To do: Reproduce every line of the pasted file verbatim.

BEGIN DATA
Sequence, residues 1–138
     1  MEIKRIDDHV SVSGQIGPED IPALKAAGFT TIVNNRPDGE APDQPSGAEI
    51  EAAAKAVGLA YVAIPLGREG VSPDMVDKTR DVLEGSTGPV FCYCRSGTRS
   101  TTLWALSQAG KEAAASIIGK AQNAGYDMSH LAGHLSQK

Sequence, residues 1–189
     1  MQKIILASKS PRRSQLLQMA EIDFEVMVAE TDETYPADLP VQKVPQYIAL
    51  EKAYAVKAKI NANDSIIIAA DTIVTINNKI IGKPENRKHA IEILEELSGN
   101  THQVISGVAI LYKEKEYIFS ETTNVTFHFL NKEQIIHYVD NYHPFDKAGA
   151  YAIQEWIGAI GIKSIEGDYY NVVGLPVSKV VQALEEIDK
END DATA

Sequence, residues 1–138
     1  MEIKRIDDHV SVSGQIGPED IPALKAAGFT TIVNNRPDGE APDQPSGAEI
    51  EAAAKAVGLA YVAIPLGREG VSPDMVDKTR DVLEGSTGPV FCYCRSGTRS
   101  TTLWALSQAG KEAAASIIGK AQNAGYDMSH LAGHLSQK

Sequence, residues 1–189
     1  MQKIILASKS PRRSQLLQMA EIDFEVMVAE TDETYPADLP VQKVPQYIAL
    51  EKAYAVKAKI NANDSIIIAA DTIVTINNKI IGKPENRKHA IEILEELSGN
   101  THQVISGVAI LYKEKEYIFS ETTNVTFHFL NKEQIIHYVD NYHPFDKAGA
   151  YAIQEWIGAI GIKSIEGDYY NVVGLPVSKV VQALEEIDK